:: Saturday, February 15, 2003 ::
Colin Powell in an interview with the Egyptian weekly Al-Ahram:
Are you going to respond in kind if Iraq uses WMDs?
We never discuss that. Why don't you worry about Iraq using WMDs, rather than, 'Would you respond if Iraq uses WMDs?' Will you scream bloody murder if Iraq uses these terrible weapons that [it] says it does not have? How could they use them if they don't have them? Now, if they use them, the United States has no intentions of doing anything that would hurt the people of Iraq. But we will do what is necessary to defend ourselves. But I hope before everybody asks what the United States would do, somebody would say: 'My God. They did have them. They were lying.'
A powerful testament
:: Thursday, February 13, 2003 ::
I just saw "The Pianist" a coupe of days ago, and while I don't think it's better than "Schindler's List," I do think it's brilliant, beautifully filmed and acted. I had never seen or read much of anything about the particular experience of people like the main character--hiding by themselves in unused apartments, unable to do anything but wait for the end of the war, totally reliant on supplies from the underground. The main character's father makes an interesting comment early in the movie. He accuses the "Jewish bankers" in America of not doing enough to convince the US government to join the war. It's ironic that a belief held by anti-Semites for so many centuries--that Jews have huge power over governments because they control the money--could disappoint a European Jew by virtue of its being false.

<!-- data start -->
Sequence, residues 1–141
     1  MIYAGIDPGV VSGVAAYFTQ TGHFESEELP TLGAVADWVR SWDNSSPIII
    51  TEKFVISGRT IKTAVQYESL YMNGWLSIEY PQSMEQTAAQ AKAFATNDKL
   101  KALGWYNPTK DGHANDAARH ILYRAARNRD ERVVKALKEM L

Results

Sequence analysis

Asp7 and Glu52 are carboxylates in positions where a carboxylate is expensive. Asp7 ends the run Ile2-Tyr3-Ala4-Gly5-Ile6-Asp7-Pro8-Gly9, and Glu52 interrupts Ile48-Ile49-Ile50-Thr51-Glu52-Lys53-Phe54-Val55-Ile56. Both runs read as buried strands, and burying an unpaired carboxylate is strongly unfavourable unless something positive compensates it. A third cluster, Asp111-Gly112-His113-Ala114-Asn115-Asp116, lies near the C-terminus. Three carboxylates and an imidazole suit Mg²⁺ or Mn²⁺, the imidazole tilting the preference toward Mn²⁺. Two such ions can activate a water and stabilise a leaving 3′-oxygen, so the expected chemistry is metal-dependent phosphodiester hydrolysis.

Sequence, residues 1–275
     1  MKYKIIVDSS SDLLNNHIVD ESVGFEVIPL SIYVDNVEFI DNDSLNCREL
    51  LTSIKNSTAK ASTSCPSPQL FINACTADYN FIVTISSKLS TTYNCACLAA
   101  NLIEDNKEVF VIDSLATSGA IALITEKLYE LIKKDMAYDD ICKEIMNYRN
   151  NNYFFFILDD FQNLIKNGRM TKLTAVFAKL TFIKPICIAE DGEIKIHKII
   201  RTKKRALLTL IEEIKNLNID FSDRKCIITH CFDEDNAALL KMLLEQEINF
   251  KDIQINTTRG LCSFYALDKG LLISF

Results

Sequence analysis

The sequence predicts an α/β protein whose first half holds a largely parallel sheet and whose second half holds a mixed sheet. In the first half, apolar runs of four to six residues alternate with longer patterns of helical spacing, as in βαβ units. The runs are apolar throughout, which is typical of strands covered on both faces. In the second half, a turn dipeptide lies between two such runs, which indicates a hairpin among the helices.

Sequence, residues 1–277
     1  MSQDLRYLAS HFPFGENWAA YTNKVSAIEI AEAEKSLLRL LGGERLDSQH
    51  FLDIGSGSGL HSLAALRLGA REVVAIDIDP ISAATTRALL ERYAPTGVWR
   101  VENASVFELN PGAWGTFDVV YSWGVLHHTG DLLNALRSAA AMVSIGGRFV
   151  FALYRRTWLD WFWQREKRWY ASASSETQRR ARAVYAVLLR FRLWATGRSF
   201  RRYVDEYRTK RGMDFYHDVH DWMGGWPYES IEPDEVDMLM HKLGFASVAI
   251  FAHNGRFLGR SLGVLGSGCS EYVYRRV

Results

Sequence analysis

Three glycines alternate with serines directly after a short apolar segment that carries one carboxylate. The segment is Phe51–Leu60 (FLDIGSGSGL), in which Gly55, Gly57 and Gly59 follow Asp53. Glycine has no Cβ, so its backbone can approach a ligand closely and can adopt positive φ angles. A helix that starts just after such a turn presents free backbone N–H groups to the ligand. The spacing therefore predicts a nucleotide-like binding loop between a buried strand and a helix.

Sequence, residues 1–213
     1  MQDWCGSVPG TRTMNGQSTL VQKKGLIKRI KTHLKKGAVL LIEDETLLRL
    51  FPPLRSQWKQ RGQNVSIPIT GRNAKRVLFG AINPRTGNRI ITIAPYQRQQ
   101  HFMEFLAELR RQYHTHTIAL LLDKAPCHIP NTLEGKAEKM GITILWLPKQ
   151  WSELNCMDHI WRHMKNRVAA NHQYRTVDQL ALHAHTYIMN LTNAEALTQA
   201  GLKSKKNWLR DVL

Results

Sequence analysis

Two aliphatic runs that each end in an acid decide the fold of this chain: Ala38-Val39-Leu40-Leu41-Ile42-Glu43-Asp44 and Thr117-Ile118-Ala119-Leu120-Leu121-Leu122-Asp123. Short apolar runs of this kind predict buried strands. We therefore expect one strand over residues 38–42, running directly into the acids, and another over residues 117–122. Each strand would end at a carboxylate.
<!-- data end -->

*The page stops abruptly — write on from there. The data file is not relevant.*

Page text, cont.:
Hey, I tried to make it comprehensible :)